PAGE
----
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Once on the main road we went past Stavros Church, which has a phenomenal balcony perched over the road. Feeling quite sun-beaten and weary we chose the road way back to Chora – which isn’t terrible as the traffic is fairly sparse and some people still travel by donkey here. Rounding off the walk with ice-cold bottles of Fix beer in a shady café back in the Chora…a good 14km in total meant that that night’s hearty  dinner was well earned, as well as the shots of rakimelo!

Folegandros has plenty of routes to attract both casual and serious walkers, in fact there is decent selection of routes on websites by just searching as well as on marked trails on the Topo Map and a free map of Ano Meria which has a further 4 trails that start and finish in the village. It was actually one of the best served islands for options for walks we have been to for a while – although we didn’t see many other walkers but as it was July this was understandable. In Chora we noticed posters and a stall for a crowd funding campaign ‘Folegandros Routes‘  to formalise the routes and preserve paths, and eventually have architectural plans to build a huge 3km pedestrian walkway, for wheelchair and pushchair access from the port at Karavostatis to the Chora. This seemed like a very ambitious development and one that would require not just a vast amount of investment, environmental surveys and marketing to ensure the nature and character of the island remain preserved for the future. It will be interesting to see if this gets the go-ahead. It also feeds into my pet-peeve about Greek roads – if only there were built with pedestrians in mind, this would mean they can easily be adjusted for wheelchair access if the safe space was already there!

After a more restful day, we then got back hiking a 16km route. Starting with an early bus up to the end of Ano Meria to set out on Trail 5, which was also marked LV towards Livadakia beach. It descends down some incredible views, past ruins of themonia (farmhouse) settlements and distant churches. The quality of the paths and trails are also pretty good with old stone paths, cobbles and steps cut into the rocks. After about 50 minutes walking Livadakia beach is a real sight to behold as you near the cliff edge and it opens up to a spectacular aqua marine inlet and white pebbled bay – with giant 10 foot tall cairns build by some adventurous souls.

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We were’nt alone here either, despite not seeing others on the way – a couple of boats bobbed into sight and dropped people off. The beach doesn’t have much shade or any facilities so do come prepared. After diving in off the rocks into the cooling waters, we enjoyed a lunch of bakery treats and just-in-season nectarines. Once rested we set off and ascended the scary rock steps up the cliff face which despite my vertigo, weren’t as bad as they looked from below! The path then meanders around the hill inland before splitting to go to wither Agia Fotini or the lighthouse at Cape Aspropouda – we went to the lighthouse first as it looked so lonely out there. Built in the early 1900 it has a gothic almost Victorian era turret with a view over the cliffs. It has been unmanned since 1986 when solar powered panels took over from the two lighthouse keepers, since then in its been left in a state of mild neglect and the front shuttered window hangs loose. You can peep in and see old furniture remaining like museum pieces in what was once the bedroom. Pretty spooky and fascinating place to visit, and one imagines how cold and windy a winter night must have been out there!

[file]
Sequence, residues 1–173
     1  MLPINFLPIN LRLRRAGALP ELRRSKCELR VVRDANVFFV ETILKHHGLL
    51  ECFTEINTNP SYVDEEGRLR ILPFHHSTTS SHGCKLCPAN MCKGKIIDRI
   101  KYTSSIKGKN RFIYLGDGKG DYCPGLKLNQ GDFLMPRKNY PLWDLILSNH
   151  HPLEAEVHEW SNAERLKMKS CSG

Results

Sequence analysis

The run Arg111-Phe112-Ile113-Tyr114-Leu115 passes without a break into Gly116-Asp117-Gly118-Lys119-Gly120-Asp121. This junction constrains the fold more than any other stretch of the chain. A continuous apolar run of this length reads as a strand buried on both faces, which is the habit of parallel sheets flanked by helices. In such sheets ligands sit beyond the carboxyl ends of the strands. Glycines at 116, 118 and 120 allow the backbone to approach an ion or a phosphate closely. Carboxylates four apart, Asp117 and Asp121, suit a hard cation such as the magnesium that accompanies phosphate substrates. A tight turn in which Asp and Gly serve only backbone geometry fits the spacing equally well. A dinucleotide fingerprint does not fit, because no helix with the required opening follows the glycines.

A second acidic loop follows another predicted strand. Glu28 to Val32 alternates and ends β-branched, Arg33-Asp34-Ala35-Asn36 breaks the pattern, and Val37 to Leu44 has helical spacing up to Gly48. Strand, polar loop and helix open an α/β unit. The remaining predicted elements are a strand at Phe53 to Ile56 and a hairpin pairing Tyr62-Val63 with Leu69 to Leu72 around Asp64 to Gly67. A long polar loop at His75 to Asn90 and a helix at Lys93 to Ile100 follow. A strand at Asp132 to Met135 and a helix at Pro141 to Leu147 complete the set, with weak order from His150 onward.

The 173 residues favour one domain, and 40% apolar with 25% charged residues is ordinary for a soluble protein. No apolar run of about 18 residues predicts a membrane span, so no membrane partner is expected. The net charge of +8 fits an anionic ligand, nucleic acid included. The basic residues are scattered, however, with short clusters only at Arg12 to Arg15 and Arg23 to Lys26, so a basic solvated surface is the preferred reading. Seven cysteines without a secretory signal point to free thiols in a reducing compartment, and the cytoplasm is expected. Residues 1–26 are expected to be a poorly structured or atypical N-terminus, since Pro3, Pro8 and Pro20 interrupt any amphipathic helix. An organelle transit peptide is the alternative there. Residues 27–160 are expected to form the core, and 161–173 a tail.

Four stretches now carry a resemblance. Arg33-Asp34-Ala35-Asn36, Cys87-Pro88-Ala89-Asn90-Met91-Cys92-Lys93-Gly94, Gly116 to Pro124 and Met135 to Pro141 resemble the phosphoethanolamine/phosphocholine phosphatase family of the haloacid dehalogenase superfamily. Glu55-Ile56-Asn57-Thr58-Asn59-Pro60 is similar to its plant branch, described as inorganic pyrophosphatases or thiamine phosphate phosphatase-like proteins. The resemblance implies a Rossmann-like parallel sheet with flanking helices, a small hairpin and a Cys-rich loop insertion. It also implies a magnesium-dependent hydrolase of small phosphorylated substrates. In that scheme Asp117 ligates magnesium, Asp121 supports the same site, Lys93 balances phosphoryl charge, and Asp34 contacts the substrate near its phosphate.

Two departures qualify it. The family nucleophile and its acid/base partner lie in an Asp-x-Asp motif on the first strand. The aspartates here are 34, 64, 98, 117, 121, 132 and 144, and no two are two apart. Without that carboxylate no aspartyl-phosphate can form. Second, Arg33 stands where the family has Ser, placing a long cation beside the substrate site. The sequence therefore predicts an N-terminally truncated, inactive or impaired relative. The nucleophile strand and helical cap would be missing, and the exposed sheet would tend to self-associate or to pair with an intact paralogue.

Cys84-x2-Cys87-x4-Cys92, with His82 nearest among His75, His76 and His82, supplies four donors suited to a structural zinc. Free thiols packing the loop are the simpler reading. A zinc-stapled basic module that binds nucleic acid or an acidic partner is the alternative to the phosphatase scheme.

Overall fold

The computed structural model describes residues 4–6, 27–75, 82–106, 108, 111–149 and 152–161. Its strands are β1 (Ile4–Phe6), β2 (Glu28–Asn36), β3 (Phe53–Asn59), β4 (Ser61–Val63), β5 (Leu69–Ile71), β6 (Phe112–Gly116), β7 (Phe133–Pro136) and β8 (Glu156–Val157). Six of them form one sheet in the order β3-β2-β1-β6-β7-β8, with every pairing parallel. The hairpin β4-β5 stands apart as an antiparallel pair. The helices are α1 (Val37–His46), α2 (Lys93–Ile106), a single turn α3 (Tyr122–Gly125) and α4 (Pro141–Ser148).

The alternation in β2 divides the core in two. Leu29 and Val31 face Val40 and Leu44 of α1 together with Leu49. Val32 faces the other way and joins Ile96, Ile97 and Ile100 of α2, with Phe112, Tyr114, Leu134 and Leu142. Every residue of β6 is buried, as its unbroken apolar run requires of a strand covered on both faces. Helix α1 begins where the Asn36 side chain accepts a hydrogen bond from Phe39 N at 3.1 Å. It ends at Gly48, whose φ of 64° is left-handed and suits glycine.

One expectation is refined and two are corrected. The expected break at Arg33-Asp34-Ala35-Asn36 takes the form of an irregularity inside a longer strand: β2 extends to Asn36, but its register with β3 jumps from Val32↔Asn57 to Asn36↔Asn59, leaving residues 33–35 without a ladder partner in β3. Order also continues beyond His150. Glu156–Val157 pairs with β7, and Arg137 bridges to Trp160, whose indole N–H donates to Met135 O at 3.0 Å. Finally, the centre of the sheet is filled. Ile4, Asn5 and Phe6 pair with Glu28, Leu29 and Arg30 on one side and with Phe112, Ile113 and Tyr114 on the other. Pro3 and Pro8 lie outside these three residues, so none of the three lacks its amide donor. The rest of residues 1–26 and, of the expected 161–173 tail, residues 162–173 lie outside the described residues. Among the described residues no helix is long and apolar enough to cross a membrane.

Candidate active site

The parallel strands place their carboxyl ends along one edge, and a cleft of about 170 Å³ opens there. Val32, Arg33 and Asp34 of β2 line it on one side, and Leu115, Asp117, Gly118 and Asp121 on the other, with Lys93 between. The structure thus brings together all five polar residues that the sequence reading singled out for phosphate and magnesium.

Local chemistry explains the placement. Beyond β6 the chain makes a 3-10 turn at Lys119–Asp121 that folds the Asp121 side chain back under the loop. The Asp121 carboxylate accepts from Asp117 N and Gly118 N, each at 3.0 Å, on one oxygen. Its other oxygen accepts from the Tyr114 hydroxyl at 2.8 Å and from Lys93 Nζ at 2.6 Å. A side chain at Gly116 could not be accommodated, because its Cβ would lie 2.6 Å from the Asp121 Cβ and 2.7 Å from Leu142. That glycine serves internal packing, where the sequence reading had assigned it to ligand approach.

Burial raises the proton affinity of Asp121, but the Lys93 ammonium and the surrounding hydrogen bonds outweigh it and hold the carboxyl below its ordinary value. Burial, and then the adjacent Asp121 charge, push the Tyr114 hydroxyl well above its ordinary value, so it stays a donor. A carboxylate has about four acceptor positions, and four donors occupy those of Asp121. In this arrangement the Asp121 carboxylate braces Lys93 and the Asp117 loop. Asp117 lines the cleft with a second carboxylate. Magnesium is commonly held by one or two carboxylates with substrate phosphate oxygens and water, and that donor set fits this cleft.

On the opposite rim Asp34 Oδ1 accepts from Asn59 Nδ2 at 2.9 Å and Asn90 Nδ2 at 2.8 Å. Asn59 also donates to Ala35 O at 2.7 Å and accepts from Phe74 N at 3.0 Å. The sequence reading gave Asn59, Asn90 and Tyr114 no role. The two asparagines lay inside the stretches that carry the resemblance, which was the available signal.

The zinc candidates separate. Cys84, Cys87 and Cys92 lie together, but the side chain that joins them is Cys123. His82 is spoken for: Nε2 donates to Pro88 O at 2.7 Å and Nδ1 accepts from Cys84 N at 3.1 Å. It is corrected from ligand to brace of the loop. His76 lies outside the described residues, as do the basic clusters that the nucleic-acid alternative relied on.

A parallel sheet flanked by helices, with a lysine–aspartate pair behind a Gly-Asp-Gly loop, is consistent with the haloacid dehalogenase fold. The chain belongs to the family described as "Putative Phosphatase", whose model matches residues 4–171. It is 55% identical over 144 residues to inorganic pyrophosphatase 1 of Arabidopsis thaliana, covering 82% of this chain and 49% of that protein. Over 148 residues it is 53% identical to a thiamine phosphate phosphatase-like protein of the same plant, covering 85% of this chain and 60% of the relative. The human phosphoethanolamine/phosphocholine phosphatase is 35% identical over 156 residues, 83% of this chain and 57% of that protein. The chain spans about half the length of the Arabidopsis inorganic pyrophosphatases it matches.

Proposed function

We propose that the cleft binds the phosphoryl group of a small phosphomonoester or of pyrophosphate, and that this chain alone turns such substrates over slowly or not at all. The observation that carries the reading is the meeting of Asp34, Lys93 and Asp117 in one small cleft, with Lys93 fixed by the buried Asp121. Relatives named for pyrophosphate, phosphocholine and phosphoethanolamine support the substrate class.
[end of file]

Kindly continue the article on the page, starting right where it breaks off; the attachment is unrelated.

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After that we hiked uphill back towards the village, over terrace hills and more recently used farmland. Once at Agia Fotina, there is an unfinished road which sadly must have destroyed the old path back to the Windmills in Ano Meria.

After a swift but well needed rest stop for ice-cream at the mini-market we headed through the village and out on the main road towards Vorina beach. Once at the start of the old trail, it gets very steep downhill, but the rocks have been cut into sharp steps so makes the walk do-able but tough. Apparently these were the old steps where mules would bring up rocks cut out of the cliffs for building all the way up to the Chora. This must have been painful and back-breaking work for animals and humans alike! The scramble is worth it as you reach a squally north-facing beach with huge waves and emerald green sea. We didn’t swim properly here but sat in the shallows letting huge waves cool us down and enjoyed the tranquility before preparing for a heart-quickening workout to get back up the steps!

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I’d certainly recommend Folegandros to anyone wanting to get off the beaten track and see a windswept Cycladic island that has developed sensitively in recent years, but doesn’t want to lose its traditional character and nature. As it attracts rather well-heeled types with its ‘boutique-hotels’ in high-season and we found all the accommodation to be a little pricey. But it is certainly a treasure to be explored and offers so much more than a ‘beaches and cocktails’ destination. I’d love to come back in Winter and experience the quiet time, which our hotelier described as “nothing to see, nothing to talk about…I walk through the town and see only cats”. I’d say it sounds perfect!

I’ll follow up with a piece on the wonderful Folk Museum we visited and some more highlights soon…